Layne: What do you value more? More volume reps and shorter rest is more metabolite training. But if you’re a powerlifter you need to skill of lifting heavy. Someone said they had 45 minutes to train and wanted both strength and size. I recommended working up to a max single, then as many sets of 10 as they could fit in after that. Because you’re doing something for strength adaptation and doing something for high volume. But it’s just going to be ineffective.
It’s your preference. Layne hates not lifting heavy, so he’d rather lift longer and get heavy work in because that’s the way he likes to train. But if you are really short on time, you’re going to probably want shorter rest periods.
What if someone only has one hour to train, and want the most hypertrophy. Should they prioritise cramming in volume with shorter rest periods, or prioritise keeping the weight heavy?
Eric: One thing we should put out there, not all volume is created equal. If you did 20% 1RM it would be a different stimulus to getting it in at 90%. Higher intensity is harder to recover from, will stress other systems. Very low intensity, especially if not taken close to failure, won’t produce nearly enough stimulus.
Is there a practical way to measure where your MRV is?
Mike: At a very technical level in an effective mesocycle (3:1 or 5:1 overload:deload ratio), in the last week you should be seeking to overreach MRV. So up the volume through the accumulation microcycles (each microcycle aka week has higher volume), and there’s a dedicated phase for deload.
Mistake 1: If you are making very big gains in strength, i.e. you feel much better microcycle to microcycle, you are undertraining. You are not accumulating any fatigue. Fatigue is supposed to accumulate from microcycle to microcycle. That’s how you know you’re providing an overload. If week 1 I feel great, week 2 I’m not fatigued at all, week 3 I can do this forever, then you’re not overloading.
Mistake 2: If week 2 you’re crawling into the gym and can barely do everything you need to, or not even that. You can’t recover for the second microcyle, how can you provide an overload for the continuing microcycles.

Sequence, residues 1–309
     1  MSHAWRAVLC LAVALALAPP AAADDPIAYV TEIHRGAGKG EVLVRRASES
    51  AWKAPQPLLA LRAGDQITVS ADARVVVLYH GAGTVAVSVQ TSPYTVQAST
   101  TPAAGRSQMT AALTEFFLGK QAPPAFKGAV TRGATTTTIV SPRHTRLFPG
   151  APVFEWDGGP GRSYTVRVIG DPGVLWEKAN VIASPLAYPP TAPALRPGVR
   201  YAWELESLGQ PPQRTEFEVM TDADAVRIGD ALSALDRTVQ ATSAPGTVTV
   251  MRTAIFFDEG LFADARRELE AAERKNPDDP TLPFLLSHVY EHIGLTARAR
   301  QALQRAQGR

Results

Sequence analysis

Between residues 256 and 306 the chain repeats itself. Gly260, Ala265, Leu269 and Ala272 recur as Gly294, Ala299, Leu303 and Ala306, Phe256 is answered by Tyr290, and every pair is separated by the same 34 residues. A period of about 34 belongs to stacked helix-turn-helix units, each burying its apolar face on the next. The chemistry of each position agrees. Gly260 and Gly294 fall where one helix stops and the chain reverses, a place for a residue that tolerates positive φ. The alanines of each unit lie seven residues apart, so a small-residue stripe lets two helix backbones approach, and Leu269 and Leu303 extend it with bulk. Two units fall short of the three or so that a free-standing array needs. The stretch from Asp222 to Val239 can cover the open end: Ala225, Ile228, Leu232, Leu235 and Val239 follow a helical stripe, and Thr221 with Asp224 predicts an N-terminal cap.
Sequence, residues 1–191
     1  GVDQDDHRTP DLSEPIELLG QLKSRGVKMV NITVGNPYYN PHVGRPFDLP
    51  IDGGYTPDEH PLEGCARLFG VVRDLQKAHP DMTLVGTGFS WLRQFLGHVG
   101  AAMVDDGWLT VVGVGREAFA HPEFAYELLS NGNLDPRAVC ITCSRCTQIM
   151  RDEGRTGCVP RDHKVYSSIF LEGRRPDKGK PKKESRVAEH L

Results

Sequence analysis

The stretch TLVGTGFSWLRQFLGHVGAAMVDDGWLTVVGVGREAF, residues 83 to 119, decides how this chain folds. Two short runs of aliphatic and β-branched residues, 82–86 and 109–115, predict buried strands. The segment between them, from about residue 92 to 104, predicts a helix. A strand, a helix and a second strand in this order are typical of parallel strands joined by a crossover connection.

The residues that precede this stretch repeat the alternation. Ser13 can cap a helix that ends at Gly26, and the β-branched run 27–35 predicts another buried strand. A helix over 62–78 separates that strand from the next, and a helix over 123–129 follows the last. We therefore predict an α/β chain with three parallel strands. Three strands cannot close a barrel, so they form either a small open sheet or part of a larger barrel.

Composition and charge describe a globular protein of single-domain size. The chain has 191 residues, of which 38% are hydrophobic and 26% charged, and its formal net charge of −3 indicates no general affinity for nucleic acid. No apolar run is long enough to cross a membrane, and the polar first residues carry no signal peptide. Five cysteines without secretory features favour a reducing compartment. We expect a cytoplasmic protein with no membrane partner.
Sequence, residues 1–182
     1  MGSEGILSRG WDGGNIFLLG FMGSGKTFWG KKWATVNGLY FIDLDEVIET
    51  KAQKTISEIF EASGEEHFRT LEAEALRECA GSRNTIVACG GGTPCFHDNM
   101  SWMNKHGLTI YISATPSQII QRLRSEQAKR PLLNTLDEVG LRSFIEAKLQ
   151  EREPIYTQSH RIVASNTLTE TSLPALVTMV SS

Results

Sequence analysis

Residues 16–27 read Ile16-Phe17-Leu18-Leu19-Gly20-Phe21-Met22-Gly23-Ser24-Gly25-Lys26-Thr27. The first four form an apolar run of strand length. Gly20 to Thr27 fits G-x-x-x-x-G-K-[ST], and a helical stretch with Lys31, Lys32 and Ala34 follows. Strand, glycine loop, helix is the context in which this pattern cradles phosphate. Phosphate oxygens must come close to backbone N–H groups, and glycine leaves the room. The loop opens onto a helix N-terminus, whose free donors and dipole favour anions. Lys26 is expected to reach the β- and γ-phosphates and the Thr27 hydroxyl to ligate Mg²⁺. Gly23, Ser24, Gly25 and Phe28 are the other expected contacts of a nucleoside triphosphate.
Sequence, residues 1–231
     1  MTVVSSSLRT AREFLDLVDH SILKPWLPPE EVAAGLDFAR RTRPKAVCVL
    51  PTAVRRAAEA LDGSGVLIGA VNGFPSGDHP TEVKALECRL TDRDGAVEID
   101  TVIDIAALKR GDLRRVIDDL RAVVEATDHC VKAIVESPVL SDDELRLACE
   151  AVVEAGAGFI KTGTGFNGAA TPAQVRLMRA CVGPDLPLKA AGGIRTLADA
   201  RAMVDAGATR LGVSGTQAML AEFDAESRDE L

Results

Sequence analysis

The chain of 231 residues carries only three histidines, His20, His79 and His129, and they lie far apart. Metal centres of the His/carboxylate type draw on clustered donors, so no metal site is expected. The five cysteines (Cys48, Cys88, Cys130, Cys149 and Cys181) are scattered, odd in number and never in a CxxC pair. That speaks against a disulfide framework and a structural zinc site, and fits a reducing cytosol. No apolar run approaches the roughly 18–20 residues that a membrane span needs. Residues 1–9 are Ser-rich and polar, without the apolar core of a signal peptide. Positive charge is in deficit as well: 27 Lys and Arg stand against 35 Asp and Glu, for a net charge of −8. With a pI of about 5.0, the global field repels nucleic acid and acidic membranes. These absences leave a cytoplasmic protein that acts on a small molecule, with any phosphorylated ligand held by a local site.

Good way to measure: week to week do you feel pretty beat up, but OK enough to get really hard workouts in and make good gains. If you’re really not beat up at all, train more. But if you’re really messed up, you won’t be able to sustain that.
Imagine if you do use deloads, if you have to switch to 2:1 paradigm because every week you’re so messed up you need to deload; then you’ve cut a third off your training year out. If you have a 12 week accumulation phase, what can we say about the overloading characteristics of the first 6 weeks? If you go like this they are barely even overloading. If you’re a beginner they might be overloading enough, but if you’re intermediate or advanced you’re just wasting time.
Anything between 3:1 or 5:1 accumulation:deload paradigm is good. Where every single accumulation microcycle feels pretty darn hard, but you can still come back and hit it pretty well. That’s the golden zone. Towards the end of the accumulation phase, the last microcycle before the deload you should not feel like you can do another good microcycle (if you can, you should!). It should be designed that you have to need deloads. Not in the sense that “holy crap I’m going to die” rather “oh thank God a deloads coming up I really need it”.
Avoid extremes in training. Avoid bullshit fads. There will always be people pushing stuff like HIT one set to failure, where you need an entire week to recover. Or some stuff people tell me Lyle says (which he may or may not actually mean) which is frankly just not enough volume. Go for that middle ground.
Lyle did mention in an interview touching on that. He said once you hit your MRV, then where do you go? Now that? Perhaps that’s why he promotes lower volume.
Answer is periodization. You deload, you take intentionally low volume phases, where you define recover as the recovery of systems you haven’t recovered so far. Because the problem with that is that it assumes the only way of training for progress is adding more and more sets. But exercise selection can be rotated, different goals can be chosen. You can let some systems recover when you push other systems. You have to push the limits regularly in training. You can’t save yourself for that one big workout at the end of your career after which you retire.